I ended up applying for it that evening and ultimately was offered the position. I moved to CT before I was done with my dissertation, and it took me about a year and a half after starting at Milford Lab to finish. NOAA was really accommodating, largely because my dissertation research was the exact type work they wanted me to be doing. There was a lot of kindness from NOAA and the university as I was wrapping up.
I spent 10 years as a research fishery biologist at the Milford lab, where I really was in the lab doing hands on work. About 6 years ago, my supervisor retired. I offered to take over the branch chief position in an acting capacity with no intent to do it forever. However, once I was doing the job I realized that I didn’t hate it and I was kind of good at it, and so I switched positions. It was a very conscious move to leave the lab work side of things. My current position is never where I aspired to be, but is a good fit.
Q: What about your graduate school experience, either Masters or PhD, would you say best helped prepare you for your career?
Lisa: I would say that there were two big pieces. One was learning very practical and broad problem solving. Some days you’re fixing plumbing, some days you’re growing algal cultures, some days you’re spawning animals, and some days you’re doing spreadsheets. Just being able to solve all those different problems and jump from thing to thing is great. I no longer feel like I’m an expert in anything since I am more removed from day-to-day research, but there is a broad portfolio of things that I’ve done that informs my ability to participate productively in lots of different activities. I think that’s true to much of marine science; there’s a lot of interdisciplinary pieces to getting work done, and that backgrounds is a plus.
The other thing that really prepared me was just, the people. I think you have a tendency to make really long-lasting relationships when you’re in grad school, and those are people that I’m still in touch with. And even people you don’t keep in contact with you are still connected to. Last week actually, I was invited to participate in a review panel by a fellow UConn marine sciences alum who I haven’t seen in 15 years. It’s a small community, so having those people and building those relationships is helpful.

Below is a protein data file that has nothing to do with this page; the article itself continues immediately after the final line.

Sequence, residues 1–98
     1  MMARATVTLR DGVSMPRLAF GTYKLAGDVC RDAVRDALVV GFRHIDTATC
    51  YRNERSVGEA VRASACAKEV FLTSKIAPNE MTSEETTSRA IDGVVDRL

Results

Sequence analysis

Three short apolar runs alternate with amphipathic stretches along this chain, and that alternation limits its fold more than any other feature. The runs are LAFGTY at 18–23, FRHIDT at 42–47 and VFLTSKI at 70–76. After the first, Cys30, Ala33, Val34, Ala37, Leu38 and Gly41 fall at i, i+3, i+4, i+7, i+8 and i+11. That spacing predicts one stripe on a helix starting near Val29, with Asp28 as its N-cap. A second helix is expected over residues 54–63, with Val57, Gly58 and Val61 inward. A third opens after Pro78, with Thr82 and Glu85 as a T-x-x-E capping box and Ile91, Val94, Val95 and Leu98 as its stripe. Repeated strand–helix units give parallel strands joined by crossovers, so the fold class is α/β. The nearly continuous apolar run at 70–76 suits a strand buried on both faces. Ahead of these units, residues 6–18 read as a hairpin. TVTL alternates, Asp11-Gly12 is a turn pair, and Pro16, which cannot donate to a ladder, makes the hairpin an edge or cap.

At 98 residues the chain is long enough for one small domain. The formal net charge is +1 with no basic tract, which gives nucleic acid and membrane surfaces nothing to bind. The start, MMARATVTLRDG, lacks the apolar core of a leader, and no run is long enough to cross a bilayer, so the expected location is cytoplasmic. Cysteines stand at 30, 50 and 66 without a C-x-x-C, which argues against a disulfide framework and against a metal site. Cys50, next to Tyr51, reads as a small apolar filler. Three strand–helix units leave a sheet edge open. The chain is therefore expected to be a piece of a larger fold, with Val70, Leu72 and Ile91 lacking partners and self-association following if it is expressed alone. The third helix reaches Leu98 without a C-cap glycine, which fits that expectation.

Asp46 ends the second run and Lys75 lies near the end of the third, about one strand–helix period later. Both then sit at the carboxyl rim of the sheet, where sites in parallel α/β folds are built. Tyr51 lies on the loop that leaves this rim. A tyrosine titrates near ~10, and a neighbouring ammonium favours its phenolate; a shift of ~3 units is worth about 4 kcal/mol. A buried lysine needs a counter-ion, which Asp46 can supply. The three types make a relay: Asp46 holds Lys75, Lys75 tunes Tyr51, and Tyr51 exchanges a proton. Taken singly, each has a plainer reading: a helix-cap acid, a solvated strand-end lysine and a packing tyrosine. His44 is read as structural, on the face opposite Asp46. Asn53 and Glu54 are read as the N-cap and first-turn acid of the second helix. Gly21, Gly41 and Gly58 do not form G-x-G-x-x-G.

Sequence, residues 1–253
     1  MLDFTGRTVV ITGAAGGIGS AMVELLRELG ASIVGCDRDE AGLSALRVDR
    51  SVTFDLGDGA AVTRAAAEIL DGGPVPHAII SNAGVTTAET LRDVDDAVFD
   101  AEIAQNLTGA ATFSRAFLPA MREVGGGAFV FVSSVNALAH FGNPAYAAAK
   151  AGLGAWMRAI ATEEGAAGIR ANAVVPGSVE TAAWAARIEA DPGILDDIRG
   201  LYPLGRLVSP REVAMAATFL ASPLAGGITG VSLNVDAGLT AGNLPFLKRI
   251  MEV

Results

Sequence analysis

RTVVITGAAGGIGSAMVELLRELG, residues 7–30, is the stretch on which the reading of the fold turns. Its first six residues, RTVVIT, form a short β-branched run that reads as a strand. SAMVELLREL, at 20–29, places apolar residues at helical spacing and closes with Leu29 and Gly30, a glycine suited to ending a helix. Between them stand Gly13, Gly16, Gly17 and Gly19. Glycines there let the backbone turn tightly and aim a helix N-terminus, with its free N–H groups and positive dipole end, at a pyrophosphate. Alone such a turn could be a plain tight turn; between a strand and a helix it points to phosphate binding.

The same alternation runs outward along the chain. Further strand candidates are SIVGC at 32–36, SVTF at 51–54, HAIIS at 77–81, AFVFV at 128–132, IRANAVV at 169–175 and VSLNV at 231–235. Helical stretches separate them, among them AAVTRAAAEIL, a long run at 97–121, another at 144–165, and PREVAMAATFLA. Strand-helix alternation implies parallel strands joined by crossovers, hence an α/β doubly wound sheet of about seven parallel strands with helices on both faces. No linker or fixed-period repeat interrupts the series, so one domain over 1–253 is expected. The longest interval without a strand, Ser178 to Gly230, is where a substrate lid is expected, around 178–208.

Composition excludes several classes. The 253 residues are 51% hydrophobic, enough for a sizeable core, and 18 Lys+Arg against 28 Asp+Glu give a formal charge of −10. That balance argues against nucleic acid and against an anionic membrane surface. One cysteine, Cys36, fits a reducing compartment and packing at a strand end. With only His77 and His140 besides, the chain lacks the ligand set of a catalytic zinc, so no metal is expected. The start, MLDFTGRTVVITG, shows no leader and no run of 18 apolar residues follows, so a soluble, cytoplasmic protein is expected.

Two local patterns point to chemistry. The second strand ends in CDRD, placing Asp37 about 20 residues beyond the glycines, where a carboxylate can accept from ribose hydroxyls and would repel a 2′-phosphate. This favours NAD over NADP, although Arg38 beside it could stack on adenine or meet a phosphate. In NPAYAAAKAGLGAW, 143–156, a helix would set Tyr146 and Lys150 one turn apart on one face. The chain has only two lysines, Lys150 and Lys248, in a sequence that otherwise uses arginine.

Q: What kind of advice would you have for current grad students?
Lisa: First, is to remember to breathe. Grad school is really hard. I think it’s this really weird time where you, in some ways, have a lot of freedom in your time and how you structure your day. But otherwise, you have a lot riding on something that you don’t have complete control over. A lot of different people are influencing your journey. I think that this dynamic can be really hard, and research is hard, and classes are hard. I think it’s okay to feel overwhelmed. To breathe and just move forward I think is a big piece of advice. I probably didn’t do that enough.
I would also say, do what feels right to you. I never had a career path or an end goal in mind, but I’ve always done what felt like the right thing to me. It might not have been what my advisor thought I should do, or my parents thought I should do, or a fellow grad student thought I should do, but I’ve been true to myself and I think that has worked out really well.
And the other thing is kind of getting back to that people part of it. It’s such a small community. So, spend time getting to know people as people, because those relationships can be really helpful in starting your career, really helpful in continuing your career, and it’s just really lovely to have people to rely on when you come against bumps in the road.